intermediate goods and capital goods would provide inputs at low cost for promoting efficiency and competitiveness in the rest of the economy. Subsidiary concensus were the then lack of resources available to the private sector. Balanced regional development and promotion of industrial employment are among such concensus.-22various vested interests and interest groups to assert their views and power. on the one hand. although these have been less clearly articulated. on the infant industry argument. and on other on ideological views on the appropriate distribution of the owernship of capital. other concerns got included in the rationale for promoting public enterprises within the tradable sectors. and absence of a developed enough capital market. Over time. . Employment promotion has been interpreted to include of employment protection leading to the government takeover bankrupt private inefficiency into enterprises: thereby turning private sector public sector malaise and fiscal burden. and the low level of technical competence and resources within the private sector. The original rationale for their introduction in the 1950s was based. It was also thought that the private sector was inefficient and that a more efficient public sector investing in basic raw materials. Before such a consensus can emerge there is a critical requirement for the analysis of performance of public sector enterprises and of their place within the industrial economy. have therefore been Locational decisions for some enterprises based more on political concerns than economic.

Given the formal systems that exist in the public and impersonal screening procedures used in public sector recruitment. The sketchy analysis offered in this paper suggests that the performance of public sector enterprises has been clearly much worse than that of the private sector as a whole. Analysis of all these issues is essential for deriving a well thought out strategy for reform: such a strategy must address the genuine public concerns outlined above. what would Should the new Conversely. it is probably the case that human resources are of a higher quality. along with estimates of opportunity cost losses. micro level understanding is needed for linking the poor performance results with management systems. sector. Much more detailed analysis It is needed.-23Employment promotion has inevitably led to patronage and feather bedding as well. Moreover. But their utilisation is clearly The strategy for reform also needs to address issues concerning the distribution of ownership of wealth. If public enterprises are to be privatised. be the effect on wealth and income distribution. etc. than in the private sector. owners be the existing large private conglomerates? . on average. is imperative that policy makers. far below their capacity. I discuss some of the problems of corporate governance arising from the existing structure of the Indian financial sector in the next section. and the public at large appreciate the magnitude of resource loss that the country has suffered from public sector enterprises. politicians.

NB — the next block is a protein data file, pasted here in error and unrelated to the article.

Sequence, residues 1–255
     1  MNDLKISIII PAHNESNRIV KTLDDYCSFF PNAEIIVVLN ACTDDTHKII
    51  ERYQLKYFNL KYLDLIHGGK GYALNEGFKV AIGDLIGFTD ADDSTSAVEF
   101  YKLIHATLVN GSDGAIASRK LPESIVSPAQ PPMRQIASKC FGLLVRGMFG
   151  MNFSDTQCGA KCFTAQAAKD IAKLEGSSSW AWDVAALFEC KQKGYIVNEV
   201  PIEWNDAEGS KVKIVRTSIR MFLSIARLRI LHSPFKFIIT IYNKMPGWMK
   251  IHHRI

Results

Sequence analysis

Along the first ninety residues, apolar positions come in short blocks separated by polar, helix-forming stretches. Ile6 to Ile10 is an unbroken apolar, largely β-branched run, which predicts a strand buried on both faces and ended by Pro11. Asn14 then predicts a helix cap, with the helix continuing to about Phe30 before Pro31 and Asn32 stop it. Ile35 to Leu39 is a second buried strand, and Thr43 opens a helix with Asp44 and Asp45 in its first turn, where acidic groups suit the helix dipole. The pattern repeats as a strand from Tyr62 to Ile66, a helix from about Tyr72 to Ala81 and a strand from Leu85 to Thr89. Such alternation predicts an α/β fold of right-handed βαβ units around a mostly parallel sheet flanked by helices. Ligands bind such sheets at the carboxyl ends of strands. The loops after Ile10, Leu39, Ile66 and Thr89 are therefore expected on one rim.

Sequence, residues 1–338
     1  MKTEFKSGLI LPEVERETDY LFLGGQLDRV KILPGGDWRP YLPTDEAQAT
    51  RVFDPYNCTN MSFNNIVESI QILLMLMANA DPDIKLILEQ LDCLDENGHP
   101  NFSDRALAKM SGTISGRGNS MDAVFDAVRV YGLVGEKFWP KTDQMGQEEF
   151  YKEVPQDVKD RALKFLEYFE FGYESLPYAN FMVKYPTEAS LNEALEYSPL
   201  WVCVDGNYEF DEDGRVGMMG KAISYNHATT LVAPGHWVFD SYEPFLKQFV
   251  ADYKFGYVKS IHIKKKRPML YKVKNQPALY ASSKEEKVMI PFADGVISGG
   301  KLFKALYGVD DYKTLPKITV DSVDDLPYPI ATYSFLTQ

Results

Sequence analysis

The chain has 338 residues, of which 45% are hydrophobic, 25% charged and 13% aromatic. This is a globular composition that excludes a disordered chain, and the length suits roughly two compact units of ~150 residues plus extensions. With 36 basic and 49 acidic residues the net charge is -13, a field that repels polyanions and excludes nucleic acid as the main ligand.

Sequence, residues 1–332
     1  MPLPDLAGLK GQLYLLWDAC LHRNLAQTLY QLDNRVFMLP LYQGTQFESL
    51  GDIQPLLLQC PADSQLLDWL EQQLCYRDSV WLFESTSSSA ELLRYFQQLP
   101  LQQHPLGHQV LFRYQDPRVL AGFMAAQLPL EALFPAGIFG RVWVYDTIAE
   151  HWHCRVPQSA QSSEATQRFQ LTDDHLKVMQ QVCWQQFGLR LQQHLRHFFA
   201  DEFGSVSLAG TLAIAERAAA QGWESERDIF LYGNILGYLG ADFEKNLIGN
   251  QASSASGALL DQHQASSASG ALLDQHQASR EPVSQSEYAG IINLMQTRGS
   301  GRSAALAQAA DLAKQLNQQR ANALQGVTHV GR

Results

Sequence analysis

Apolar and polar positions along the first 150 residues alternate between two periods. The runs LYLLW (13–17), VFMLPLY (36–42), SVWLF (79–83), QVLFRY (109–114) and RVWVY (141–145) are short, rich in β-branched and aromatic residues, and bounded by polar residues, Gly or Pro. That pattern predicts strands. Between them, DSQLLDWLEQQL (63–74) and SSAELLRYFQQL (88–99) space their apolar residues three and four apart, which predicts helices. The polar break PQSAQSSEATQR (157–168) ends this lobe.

Designing the reform of public sector enterprises in a large democractic polity that is India is a very complex process. there is little guidance available for the restructuring of the approximately 150 enterprises which fall in between these two categories. are loss making but have not Some of these enterprises yet been classified as sick. Although a great deal of international experience is available. In the absence of such clarity of thinking. there are few clear cut guidelines. how is management control to be exercised? Should there be restrictions on foreign ownership? All of these issues need to be posed and discussed widely. Others are profitable but need strengthening and restructuring before any disinvestment can take place. the governmental structure in India also has a proliferation of administrative ministries which have arisen as representatives of the owner.-24should the privatised public enterprises be widely held by the public? If the latter. a number of immediate problems have arisen. As in many other countries which have significant public sector presence in tradable goods and in other commercial sectors. This is also a reflection of the ultimate responsibility of parliament . that is the government. Whereas there is a clear decision to allow dis-invest- ment of upto 49 per cent shares in selected profit making enterprises and there is a decision to refer the sick public sector enterprises to the BIFR. there are large dark areas in which there is little policy guidance available at present. Moreover.